Goodbye, Mandela . . .

So the world is in a tizzy over the passing of iconic leader, inspired man, and consummate learner Nelson Mandela.

I appreciate some of the reflection and some of the discussion of who he was and what his legacy holds. I think honoring a man that did all that Nelson Mandela did is something we should all do. A completely UNFUN fact . . . apartheid didn't even start in South Africa until after World War II. Think about that . . . RECENT history, people. And Nelson Mandela was the lighting rod from its inception to its demise and after he received freedom from nearly three decades of unjust imprisonment he did what few would . . . chose the politics of inclusion when he and the 80% of the people that were seen as "less than" for all those years chose to embrace the 20% that held them down.

Few (VERY FEW) leaders - even the great ones of our time (or any time) would have made that choice. Power, ultimately, is about seizing an opportunity . . . sharing it is for later. Yet - there he was. And for that, we should all respect and admire him.

But here's where I get annoyed (yes, shocker of shockers I am annoyed). Nelson Mandela's death is NOT "sad" unless you are his immediate friend and family. He was 95. NINETY FIVE. He had been sick for years. His leadership and legacy has been solidified for decades. There was never going to be a doubt that the world would remember him for his role in changing the world (which is not hyperbole in this case, I don't think).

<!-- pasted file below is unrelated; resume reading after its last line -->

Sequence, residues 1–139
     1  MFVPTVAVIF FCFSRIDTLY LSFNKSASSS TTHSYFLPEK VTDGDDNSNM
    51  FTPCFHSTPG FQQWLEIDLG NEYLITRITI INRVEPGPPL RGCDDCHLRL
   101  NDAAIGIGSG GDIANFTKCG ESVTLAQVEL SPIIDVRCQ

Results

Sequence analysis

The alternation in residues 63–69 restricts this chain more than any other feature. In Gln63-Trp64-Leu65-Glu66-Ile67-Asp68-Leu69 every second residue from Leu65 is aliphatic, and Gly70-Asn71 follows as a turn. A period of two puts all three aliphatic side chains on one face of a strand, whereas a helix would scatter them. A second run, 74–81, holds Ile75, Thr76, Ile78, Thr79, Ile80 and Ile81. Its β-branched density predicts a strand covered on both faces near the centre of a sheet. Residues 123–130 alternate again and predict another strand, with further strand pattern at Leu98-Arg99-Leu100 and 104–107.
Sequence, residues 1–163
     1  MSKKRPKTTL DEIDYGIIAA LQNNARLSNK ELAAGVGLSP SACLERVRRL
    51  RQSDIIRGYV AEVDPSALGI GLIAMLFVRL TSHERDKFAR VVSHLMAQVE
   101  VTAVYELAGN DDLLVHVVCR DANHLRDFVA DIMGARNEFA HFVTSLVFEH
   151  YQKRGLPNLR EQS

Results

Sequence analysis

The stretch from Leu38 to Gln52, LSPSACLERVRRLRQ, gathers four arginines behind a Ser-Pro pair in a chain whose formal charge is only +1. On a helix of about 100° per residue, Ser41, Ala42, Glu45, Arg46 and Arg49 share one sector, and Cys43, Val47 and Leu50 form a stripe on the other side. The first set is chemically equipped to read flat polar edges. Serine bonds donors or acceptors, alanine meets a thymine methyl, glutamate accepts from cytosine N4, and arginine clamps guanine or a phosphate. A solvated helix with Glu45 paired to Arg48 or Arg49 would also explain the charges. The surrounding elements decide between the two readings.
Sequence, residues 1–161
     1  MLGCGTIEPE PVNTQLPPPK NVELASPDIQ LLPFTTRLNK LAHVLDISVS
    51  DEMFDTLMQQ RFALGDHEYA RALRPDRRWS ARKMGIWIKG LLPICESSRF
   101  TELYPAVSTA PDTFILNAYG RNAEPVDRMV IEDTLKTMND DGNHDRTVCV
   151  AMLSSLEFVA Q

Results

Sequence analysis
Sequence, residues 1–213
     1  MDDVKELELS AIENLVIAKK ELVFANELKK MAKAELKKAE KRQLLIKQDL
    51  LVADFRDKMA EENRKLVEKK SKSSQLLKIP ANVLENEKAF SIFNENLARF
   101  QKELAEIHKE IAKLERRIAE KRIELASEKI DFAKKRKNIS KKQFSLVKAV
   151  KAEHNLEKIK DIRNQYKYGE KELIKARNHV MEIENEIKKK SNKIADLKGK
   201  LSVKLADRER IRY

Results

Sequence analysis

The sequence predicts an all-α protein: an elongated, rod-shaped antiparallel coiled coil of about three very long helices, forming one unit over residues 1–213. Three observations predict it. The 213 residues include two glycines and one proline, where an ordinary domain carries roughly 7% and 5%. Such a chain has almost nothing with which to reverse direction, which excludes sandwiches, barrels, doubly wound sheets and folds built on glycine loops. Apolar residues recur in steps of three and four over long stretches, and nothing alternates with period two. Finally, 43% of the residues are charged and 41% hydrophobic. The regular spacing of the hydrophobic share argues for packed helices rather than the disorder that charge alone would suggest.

SAD is a word that we use to describe the death of 14 year old kids. Sad is the death of a promising cancer researcher. Sad is a lost pregnancy. Sad is the death of a young woman just starting a family. Sad is two people drowning because they could not get the doors open when a car falls from a bridge. SAD deaths are about people's lives and the roles they have or might have being cut short. Sad is about a life not starting or not doing what it was capable of or intended to do. Sad is about preempted potential leadership, legacy, and life.

The world will miss Nelson Mandela but only his immediate family and friends should be sad . . . the rest of us should rejoice in all the wonderful things his 95 years of life gave the rest of us.